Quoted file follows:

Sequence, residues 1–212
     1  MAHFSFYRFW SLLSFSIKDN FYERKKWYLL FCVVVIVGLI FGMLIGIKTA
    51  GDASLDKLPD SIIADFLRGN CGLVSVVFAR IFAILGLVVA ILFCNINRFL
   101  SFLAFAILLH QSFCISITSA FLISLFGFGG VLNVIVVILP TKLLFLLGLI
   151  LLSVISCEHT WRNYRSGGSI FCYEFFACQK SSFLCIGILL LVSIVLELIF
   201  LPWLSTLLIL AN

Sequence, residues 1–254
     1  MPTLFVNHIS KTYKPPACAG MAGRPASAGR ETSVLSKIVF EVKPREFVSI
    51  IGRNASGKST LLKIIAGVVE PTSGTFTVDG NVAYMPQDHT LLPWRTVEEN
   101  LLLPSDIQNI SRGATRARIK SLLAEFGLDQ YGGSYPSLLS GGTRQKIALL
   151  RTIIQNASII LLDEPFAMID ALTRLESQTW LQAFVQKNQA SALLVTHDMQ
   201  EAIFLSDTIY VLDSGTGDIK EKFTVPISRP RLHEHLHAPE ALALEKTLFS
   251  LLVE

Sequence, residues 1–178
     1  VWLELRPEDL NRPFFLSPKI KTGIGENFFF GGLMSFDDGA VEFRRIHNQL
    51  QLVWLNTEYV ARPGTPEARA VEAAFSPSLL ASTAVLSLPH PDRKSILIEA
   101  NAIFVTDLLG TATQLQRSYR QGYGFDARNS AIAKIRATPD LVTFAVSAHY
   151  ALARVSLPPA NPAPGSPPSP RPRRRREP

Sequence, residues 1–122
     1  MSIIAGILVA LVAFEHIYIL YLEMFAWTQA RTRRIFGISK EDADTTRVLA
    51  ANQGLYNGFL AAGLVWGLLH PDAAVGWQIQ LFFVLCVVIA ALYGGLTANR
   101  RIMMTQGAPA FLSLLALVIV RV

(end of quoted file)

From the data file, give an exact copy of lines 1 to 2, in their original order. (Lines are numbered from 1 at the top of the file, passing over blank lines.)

Sequence, residues 1–212
     1  MAHFSFYRFW SLLSFSIKDN FYERKKWYLL FCVVVIVGLI FGMLIGIKTA